Two blocks from the White House Tuesday, where a Ferguson protest was raging on, Bob Dylan sat between the columns at the DAR Constitution Hall and asked one more time “How many years can some people exist, before they’re allowed to be free?”
It got a bit of a rise from the crowd, this sorrowful notion that more than a half century after he first wrote it, he had to ask again. So did the line “How many deaths will it take till he knows that too many people have died?”
Echoing in a place that itself banned Marian Anderson from singing in the hall in 1939 because she was black.
But Dylan, at 73, has long since stopped being a kind of political oracle, a singer of social action that helped shape music, a generation and the world.
On an unusual tour that has him playing the exact same setlist night after night for the past month, he seems to be favoring more the balladry in his own catalog and that of others — the Frank Sinatra “Stay with Me” closes the show, foreshadowing his album of standards out next year.
It’s not because, as he claims in the opener, “I used to care, but things have changed,” from a song that has since been sold to Chrysler. He may be at a point where he is simply appreciating the beauty of song and joys in a melody.
Also: the fun of being a performer.
After years of appearing coiled in tension on stage, for decades behind a guitar, here he was in a kind of white zoot suit and hat — like Jim Carrey used in “The Mask” holding the mike stand, unencumbered by instrument, tilting it as he crooned, stepping lively around the stage when he wasn’t.
More than half of the show he stood at the microphone, with no instrument but the occasional harmonica wail; the rest of the time was at a grand piano, where his chords and countermelodies had more prominence than they might have on past tours, sometimes guiding the band (he also played “Blowin’ in the Wind” on piano, an instrument not usually associated with the song except by Stevie Wonder).
Dylan’s voice may seem on perma-frog, judging from the grit on his last album, “Tempest,” which dominated the set list with six out of the 19 songs. But he’s also able to adjust his growl, so that some of his singing was surprisingly sharp and clear.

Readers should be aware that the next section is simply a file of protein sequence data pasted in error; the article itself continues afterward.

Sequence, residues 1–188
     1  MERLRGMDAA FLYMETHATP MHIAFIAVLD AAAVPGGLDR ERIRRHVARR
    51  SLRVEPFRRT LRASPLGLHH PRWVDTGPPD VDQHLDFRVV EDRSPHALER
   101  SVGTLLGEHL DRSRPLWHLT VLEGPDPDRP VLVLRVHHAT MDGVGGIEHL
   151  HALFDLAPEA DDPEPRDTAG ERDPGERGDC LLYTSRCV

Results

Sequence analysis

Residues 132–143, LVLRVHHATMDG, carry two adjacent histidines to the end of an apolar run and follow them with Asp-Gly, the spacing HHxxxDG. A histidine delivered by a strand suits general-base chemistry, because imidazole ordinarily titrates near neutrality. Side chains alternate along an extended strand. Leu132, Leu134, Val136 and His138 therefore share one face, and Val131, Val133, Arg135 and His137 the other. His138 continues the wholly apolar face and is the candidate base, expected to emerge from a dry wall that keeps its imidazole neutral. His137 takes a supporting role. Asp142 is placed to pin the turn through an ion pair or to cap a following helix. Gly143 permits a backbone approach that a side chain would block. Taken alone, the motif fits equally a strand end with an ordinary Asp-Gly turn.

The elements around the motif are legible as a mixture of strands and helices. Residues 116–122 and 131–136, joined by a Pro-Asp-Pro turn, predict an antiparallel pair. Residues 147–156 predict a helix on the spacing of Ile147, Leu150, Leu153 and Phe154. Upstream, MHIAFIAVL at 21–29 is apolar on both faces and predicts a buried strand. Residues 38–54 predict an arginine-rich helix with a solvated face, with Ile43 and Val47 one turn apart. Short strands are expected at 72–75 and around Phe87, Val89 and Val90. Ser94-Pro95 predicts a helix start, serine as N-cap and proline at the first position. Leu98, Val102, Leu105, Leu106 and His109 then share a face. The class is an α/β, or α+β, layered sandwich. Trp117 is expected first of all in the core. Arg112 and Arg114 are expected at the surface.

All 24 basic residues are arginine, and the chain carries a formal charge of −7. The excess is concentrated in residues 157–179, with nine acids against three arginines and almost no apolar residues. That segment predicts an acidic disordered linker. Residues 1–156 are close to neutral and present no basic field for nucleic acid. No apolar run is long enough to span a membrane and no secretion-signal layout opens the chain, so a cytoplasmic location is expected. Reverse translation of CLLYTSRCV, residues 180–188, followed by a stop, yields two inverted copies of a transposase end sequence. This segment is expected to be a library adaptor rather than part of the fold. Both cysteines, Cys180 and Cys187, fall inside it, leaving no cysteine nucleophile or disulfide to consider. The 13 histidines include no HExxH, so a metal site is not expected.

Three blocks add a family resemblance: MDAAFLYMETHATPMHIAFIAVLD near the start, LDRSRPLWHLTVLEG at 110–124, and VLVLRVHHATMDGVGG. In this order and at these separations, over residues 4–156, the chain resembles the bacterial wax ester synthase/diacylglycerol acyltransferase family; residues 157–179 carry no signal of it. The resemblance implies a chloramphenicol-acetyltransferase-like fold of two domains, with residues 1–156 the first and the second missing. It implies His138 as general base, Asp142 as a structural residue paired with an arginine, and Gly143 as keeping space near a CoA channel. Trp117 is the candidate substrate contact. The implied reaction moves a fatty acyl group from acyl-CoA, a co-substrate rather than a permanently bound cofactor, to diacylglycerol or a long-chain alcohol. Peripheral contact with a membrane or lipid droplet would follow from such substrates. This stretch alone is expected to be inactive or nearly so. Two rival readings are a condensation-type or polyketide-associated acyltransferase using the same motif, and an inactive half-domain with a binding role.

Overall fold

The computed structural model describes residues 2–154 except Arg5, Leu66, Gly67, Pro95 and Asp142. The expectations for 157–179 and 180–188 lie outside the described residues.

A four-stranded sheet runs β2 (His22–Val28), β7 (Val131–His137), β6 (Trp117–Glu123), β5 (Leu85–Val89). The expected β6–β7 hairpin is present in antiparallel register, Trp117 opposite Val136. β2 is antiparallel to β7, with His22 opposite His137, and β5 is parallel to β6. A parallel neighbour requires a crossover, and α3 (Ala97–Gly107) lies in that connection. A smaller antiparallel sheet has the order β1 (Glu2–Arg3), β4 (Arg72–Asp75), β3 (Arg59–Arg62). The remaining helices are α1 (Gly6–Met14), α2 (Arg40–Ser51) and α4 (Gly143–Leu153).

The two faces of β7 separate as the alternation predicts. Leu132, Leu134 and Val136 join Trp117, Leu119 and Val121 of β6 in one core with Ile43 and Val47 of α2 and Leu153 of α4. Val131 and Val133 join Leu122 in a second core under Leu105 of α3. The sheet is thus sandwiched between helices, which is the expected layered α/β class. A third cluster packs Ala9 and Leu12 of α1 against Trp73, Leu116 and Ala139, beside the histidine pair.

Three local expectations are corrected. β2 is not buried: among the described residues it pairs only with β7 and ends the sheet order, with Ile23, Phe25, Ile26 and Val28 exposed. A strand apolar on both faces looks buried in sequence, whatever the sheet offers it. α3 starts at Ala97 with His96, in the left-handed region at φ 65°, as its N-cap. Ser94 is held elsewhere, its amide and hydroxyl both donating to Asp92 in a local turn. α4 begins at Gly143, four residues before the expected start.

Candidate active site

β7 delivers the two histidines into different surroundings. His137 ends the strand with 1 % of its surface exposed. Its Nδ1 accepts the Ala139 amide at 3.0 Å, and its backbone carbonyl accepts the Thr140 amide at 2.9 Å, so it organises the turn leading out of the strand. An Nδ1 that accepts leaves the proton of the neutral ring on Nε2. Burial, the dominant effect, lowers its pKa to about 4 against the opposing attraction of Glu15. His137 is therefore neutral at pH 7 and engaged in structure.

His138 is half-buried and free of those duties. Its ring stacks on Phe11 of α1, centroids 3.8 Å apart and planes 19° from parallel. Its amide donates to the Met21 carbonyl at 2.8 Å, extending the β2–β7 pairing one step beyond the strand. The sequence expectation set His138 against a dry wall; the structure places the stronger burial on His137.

The music mix in the hall Neoclassical hall was superb, his sometimes hard to distinguish voice clear above the longtime quintet that so well serves his music, with Charlie Sexton on guitar.
I wish maybe there was more of a sense of place in Dylan’s performance, though.
And not just the usual political commentary of “Even the President of the United States sometimes must have to stand naked” from “It’s Alright Ma (I’m Only Bleeding)” or the whole of “Tweedlee and Tweedledum.”
I mean the specificity of this place, retold on the recent “Narrow Way” — “Ever since the British burned the White House down, there’s a bleeding wound in the heart of town.” The DAR hall is located in the block between the White House and the Octagon house, where Madison lived for six months 200 years ago as the city rebuilt from the War of 1812.
“Narrow Way” was one of just four songs from “Tempest” that isn’t being played on the current tour, which if nothing else acquits well the latest studio output — the rock of “Early Roman Kings” and the wistful groove of “Pay in Blood” all pretty much in the same arrangement as they were on the 2012 recording. It wasn’t entirely true, though, as the chassis of its opening “Duquesne Whistle” has been completely retooled as a shuffle.
Dylan is the only performer who came to fame from the 60s (or 70s or 80s) who doesn’t rely at all on the early tunes. He’s always refused nostalgia as a common response to his material; even when he was playing a lot of it, he treated the songs like living, ever evolving things, sometimes having little to do with how it was originally recorded.
He did that again on the handful of pre-1997 material he included, especially a “Tangled Up in Blue” whose verses seemed chopped in half; its “Blood on the Tracks” counterpart, “Simple Twist of Fate” came a little more intact, but with its own new internal engine. The only other old song in the set? A rearranged “She Belongs to Me” as the show’s second song.
Otherwise, all were tunes he had recorded with this same band; along with “Beyond Here Lies Nothin’ and “Forgetful Heart” from 2009’s “Together Through Life”; “Workingman’s Blues #2” and “Spirit on the Water” from the 2006 “Modern Times”; and only a stinging “Love Sick” from his
2001 1997 breakthrough “Time Out of Mind.”
The one real head-scratcher in the tour (other than the Sinatra, I suppose) is “Waiting for You,” a rousing waltz that only appeared on the 2002 soundtrack for
“The Sisterhood of Traveling Pants,” ”Devine Secrets of the Ya Ya Sisterhood,” something that may not be in the collection of some of the most ardent Dylan fans.
If the band looked like a country dance band from the 1920s, the staging looked like Hollywood in that era, with big golden klieg lights above them and some footlights in front — all dimmer than some of the stair lights in the hall, making it impossible to see through all the shadows.
Dylan remains an enigmatic figure and flinty musical traveler who continues to reward repeated visits after all of this time no matter where he is.